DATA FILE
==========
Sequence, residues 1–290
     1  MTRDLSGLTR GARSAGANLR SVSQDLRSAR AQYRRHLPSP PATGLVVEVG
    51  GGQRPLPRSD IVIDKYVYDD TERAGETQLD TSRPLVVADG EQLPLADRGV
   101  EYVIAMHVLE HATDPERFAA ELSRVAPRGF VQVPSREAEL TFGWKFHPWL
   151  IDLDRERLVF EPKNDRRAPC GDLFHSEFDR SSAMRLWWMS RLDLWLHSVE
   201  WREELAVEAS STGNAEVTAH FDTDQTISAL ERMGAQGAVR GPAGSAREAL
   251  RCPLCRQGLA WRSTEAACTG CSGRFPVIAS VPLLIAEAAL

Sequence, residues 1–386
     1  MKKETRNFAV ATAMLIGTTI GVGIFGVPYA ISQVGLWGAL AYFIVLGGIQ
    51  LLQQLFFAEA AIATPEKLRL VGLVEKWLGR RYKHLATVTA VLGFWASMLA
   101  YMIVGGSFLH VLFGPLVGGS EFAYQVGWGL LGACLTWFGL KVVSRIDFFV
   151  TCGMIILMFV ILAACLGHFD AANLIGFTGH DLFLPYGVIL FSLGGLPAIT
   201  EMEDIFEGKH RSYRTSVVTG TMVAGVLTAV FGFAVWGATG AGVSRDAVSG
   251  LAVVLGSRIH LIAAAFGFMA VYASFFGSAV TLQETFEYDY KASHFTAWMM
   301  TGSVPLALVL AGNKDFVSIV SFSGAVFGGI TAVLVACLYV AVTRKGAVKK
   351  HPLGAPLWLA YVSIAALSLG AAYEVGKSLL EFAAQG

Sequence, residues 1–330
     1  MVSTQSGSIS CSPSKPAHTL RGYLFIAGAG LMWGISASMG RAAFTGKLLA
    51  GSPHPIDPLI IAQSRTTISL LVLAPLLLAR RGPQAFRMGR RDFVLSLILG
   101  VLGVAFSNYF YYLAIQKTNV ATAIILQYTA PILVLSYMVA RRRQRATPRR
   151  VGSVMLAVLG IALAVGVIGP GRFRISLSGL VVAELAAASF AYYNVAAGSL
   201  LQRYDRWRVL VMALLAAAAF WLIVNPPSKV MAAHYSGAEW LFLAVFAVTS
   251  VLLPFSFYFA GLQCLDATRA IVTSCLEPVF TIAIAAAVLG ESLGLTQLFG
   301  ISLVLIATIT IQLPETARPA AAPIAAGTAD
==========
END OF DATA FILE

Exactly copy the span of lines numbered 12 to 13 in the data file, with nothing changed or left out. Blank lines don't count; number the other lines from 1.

   151  TCGMIILMFV ILAACLGHFD AANLIGFTGH DLFLPYGVIL FSLGGLPAIT
   201  EMEDIFEGKH RSYRTSVVTG TMVAGVLTAV FGFAVWGATG AGVSRDAVSG